Countries with significant Orthodox Christian populations celebrate Orthodox Christmas widely. In Russia, Moscow‘s Red Square, with the iconic St. Basil’s Cathedral, is a focal point for Christmas festivities. In Bethlehem, the Church of the Nativity holds a midnight Mass, drawing Orthodox Christians from around the world. Other destinations like Athens, Belgrade, and Kiev offer unique cultural experiences and religious ceremonies during Orthodox Christmas. These places allow you to immerse yourself in the rich traditions and spiritual significance of this holiday.

Red square moscow russia
Red Square @ Moscow, Russia

Lohri (January 13)

Lohri is a vibrant Punjabi festival celebrated in India to mark the end of winter and the arrival of longer days. It’s a time of bonfires, singing, and dancing, filled with joy and community spirit. Let’s dive into the unique cultural celebrations and top destinations associated with Lohri.

Lohri festivities center around bonfires, where people gather to sing traditional songs and perform lively folk dances like Bhangra and Giddha. Roasting sugarcane, peanuts, and popcorn in the fire symbolizes abundance and prosperity, and these treats are shared among everyone. Children add to the festivities by going door-to-door, singing Lohri songs and receiving sweets and money, creating a cheerful and inclusive atmosphere.

In Punjab, Lohri is celebrated with great cultural significance. The city of Amritsar, home to the Golden Temple, offers a unique Lohri experience. The temple glows beautifully with lights, and special prayers are held, adding a spiritual dimension to the celebrations. Cities like Ludhiana and Jalandhar also come alive with vibrant Lohri celebrations, featuring bonfires, music, and captivating dance performances. These destinations provide an immersive experience of Punjabi culture, showcasing the warmth and hospitality of its people during Lohri.

Makar Sankranti (January 14)

Makar Sankranti is a vibrant Hindu festival in India, celebrating the sun’s transition into the zodiac sign of Capricorn. This joyous occasion marks the harvest season and is filled with kite flying and cultural festivities. Let’s dive into the unique celebrations and top destinations for Makar Sankranti.

Across India, Makar Sankranti is celebrated with immense enthusiasm and cultural diversity. People take holy dips in rivers like the Ganges to cleanse themselves of sins, symbolizing spiritual renewal. Kite flying is a major highlight, representing the freedom of the soul and the onset of longer days. Traditional delicacies like til ladoo (sesame seed sweets) and gur (jaggery) are prepared and shared, adding a sweet touch to the festivities. Bonfires, dance performances, and music further enhance the lively atmosphere.

Several cities in India offer unique experiences during Makar Sankranti. Ahmedabad‘s International Kite Festival attracts enthusiasts from around the globe, filling the sky with colorful kites. Jaipur hosts the Makar Sankranti Fair, featuring cultural performances, camel races, and traditional games, creating a vibrant and engaging environment. Varanasi, Kolkata, and Hyderabad also showcase diverse traditions and lively celebrations, allowing you to fully immerse yourself in the rich cultural heritage and spirituality of the festival.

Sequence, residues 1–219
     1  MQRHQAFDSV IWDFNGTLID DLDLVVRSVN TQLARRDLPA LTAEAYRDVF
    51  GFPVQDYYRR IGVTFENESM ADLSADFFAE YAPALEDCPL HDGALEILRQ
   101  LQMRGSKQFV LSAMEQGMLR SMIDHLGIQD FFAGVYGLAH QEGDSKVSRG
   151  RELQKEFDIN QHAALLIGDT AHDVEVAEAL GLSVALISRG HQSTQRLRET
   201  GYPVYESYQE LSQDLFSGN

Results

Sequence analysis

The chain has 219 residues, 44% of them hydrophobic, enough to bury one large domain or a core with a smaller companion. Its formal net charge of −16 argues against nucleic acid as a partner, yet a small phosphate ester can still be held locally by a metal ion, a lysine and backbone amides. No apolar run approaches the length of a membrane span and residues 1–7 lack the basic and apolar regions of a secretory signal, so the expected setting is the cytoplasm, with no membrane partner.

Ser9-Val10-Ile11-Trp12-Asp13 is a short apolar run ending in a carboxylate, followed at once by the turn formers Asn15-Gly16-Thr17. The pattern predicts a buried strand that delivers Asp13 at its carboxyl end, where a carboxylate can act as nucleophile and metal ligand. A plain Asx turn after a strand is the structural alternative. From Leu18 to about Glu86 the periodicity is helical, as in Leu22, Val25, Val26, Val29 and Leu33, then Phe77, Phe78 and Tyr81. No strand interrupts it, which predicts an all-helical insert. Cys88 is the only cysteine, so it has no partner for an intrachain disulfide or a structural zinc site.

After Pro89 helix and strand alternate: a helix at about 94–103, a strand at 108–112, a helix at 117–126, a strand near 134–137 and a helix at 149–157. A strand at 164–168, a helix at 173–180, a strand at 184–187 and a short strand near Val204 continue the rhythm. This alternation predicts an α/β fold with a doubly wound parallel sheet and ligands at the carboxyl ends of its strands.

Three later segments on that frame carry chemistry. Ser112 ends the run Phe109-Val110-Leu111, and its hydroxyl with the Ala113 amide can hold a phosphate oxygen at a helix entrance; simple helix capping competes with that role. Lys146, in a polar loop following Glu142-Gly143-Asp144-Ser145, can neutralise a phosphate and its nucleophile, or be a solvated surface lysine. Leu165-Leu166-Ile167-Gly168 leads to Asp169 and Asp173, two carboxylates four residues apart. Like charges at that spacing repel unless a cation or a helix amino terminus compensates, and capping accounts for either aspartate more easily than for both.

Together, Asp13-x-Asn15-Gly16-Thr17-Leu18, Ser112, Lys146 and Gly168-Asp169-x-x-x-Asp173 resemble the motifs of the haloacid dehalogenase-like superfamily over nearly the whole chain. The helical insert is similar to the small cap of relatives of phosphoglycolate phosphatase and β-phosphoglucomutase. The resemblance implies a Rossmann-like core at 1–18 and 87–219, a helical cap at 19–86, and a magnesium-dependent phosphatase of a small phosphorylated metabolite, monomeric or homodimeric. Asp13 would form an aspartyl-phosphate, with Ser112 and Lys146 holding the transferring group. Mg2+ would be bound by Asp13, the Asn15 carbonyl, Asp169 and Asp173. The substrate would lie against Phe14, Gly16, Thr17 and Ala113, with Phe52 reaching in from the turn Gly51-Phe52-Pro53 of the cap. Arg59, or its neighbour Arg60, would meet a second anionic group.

These destinations provide a vivid glimpse into the joyful and diverse ways Makar Sankranti is celebrated, making it a truly unique and enriching experience.

Imbolc (February 1)

Imbolc is a Pagan festival celebrated in Gaelic cultures, marking the onset of spring. It symbolizes purification, fertility, and the earth’s awakening. Let’s delve into the unique cultural celebrations and top destinations associated with Imbolc.

Imbolc honors the goddess Brigid, a figure of healing, poetry, and smithcraft. The festival features purification rituals, where homes are cleansed, and candles are lit to welcome the returning light. Offerings of food and drink are made to the earth, symbolizing the nourishment of new life. Divination and storytelling are key activities, linking participants with ancestral wisdom and celebrating the changing seasons and renewal.

Celebrated primarily in Gaelic regions like Ireland and Scotland, Imbolc offers both vibrant and tranquil experiences. In Ireland, the town of Kildare, associated with the goddess Brigid, hosts a lively festival with music, storytelling, and craft demonstrations. The Scottish Highlands provide a serene backdrop for connecting with nature and observing the seasonal shift. Visiting ancient sites such as the Hill of Tara in Ireland or the Callanish Standing Stones in Scotland can deepen your connection to Imbolc’s ancient traditions. These destinations offer a chance to embrace the magic of nature and the rich folklore of this festival.